Residential Property Disputes

Civil Litigation

Residential property disputes with both owned and rented properties are commonplace. Whether it’s unpaid rent, a boundary issue, noisy neighbours, or ownership disagreements, our residential property dispute specialists can provide advice and representation.

What is a residential property dispute?

A residential property dispute is a disagreement that occurs between parties related to housing, whether the property is owned or rented.

There are a wide variety of potential property disputes that can arise. Some of the more common issues that we encounter at Richardson Lissack are:

  • Possession and rent recovery for assured shorthold tenancies, including serving notices under section 8 and section 21 of the Housing Act 1988
  • Tenancy deposit disputes
  • Ground rent and service charge recovery for long leases
  • Disrepair claims
  • Recovery of land or premises from squatters or unlawful occupiers
  • Boundary disputes
  • Lease extensions and collective enfranchisement of freeholds under the Leasehold Reform, Housing and Urban Development Act 1993
  • Disputes over financial interests in property (Trusts of Land and Appointment of Trustees Act 1996)
  • Right of way disputes
  • Nuisance and trespassing
  • Breach of covenants

This is by no means an exhaustive list. If you are encountering any kind of issue related to residential property, you should consider seeking legal advice as early as possible in order to increase the chances of a successful resolution.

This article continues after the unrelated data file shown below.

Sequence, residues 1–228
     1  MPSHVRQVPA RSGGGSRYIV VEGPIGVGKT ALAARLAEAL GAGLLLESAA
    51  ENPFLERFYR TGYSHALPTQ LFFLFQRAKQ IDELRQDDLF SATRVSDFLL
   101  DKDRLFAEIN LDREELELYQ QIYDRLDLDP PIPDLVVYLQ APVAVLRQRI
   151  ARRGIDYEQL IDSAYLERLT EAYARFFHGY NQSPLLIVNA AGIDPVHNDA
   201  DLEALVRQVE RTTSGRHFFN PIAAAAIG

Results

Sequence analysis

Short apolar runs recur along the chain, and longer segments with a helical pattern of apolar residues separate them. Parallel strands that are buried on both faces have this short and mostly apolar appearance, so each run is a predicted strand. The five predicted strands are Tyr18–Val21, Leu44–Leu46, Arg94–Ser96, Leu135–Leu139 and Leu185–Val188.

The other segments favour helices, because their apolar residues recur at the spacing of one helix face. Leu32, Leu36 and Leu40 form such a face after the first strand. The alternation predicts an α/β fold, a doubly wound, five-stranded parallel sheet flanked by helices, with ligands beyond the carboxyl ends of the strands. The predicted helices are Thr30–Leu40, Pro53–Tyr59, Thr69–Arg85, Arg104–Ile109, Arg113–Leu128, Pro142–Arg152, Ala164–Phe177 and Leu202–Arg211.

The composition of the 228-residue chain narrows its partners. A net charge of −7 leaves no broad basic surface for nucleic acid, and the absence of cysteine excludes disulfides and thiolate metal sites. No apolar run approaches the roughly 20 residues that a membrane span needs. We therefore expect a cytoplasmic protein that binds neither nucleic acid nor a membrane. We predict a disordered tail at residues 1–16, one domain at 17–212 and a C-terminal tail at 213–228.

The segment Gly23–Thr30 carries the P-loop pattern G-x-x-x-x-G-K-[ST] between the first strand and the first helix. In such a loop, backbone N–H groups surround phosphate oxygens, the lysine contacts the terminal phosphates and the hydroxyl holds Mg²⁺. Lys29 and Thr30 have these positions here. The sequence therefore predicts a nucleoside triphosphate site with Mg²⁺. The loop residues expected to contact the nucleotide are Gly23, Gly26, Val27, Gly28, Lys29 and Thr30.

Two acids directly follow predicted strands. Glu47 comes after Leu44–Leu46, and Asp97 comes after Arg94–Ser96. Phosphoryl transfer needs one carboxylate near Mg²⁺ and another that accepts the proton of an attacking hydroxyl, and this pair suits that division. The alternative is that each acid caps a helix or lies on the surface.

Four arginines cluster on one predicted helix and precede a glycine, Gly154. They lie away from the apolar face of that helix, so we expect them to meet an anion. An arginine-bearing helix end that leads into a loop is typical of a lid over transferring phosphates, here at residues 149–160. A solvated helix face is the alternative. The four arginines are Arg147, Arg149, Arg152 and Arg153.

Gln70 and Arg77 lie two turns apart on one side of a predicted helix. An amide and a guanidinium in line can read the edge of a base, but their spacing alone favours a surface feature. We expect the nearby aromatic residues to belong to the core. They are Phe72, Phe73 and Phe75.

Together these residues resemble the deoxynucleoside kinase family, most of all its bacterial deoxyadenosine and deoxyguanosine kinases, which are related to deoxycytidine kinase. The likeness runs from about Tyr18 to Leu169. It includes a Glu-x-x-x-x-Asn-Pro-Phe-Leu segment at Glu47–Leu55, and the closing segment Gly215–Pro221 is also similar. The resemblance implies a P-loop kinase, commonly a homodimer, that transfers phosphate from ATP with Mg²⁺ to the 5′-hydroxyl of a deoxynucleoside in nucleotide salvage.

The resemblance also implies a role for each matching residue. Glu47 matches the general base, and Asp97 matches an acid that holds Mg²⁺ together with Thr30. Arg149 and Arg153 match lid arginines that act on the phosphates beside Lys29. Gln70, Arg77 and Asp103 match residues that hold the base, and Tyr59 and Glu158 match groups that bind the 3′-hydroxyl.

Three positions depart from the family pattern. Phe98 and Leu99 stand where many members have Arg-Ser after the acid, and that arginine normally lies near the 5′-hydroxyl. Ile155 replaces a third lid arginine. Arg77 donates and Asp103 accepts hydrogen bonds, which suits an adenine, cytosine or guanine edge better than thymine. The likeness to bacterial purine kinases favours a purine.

Resolving residential property disputes

Issues can and often are resolved through the exchange of correspondence with the other party involved.  Even if the dispute is not resolved in correspondence, the process can assist in clarifying the parties’ positions and narrowing the issues.

Methods of alternative dispute resolution (ADR), such as mediation, may also be used to find a resolution of the dispute.  ADR can be a more cost-effective means of resolving a dispute than the issue of proceedings, although ADR remains available to parties even once a claim is commenced at court, and parties are encouraged by the court to explore ADR at all times.

Ultimately, if a resolution cannot be achieved, then it may be necessary to issue a claim at court and seek a determination from a judge.  The issue of proceedings can be stressful and have significant cost consequences, so before any claim is made, careful consideration should be given as to whether the court is the appropriate forum for the resolution of the issue.

Get in touch

Richardson Lissack provides comprehensive civil litigation services to our clients in response to a wide variety of residential property disputes.

Contact us today to discuss your case in confidence.

Our lawyers are available 24/7 to assist you and provide legal advice. Contact London 020 3753 5352 or Manchester 0161 834 7284. Alternatively you can email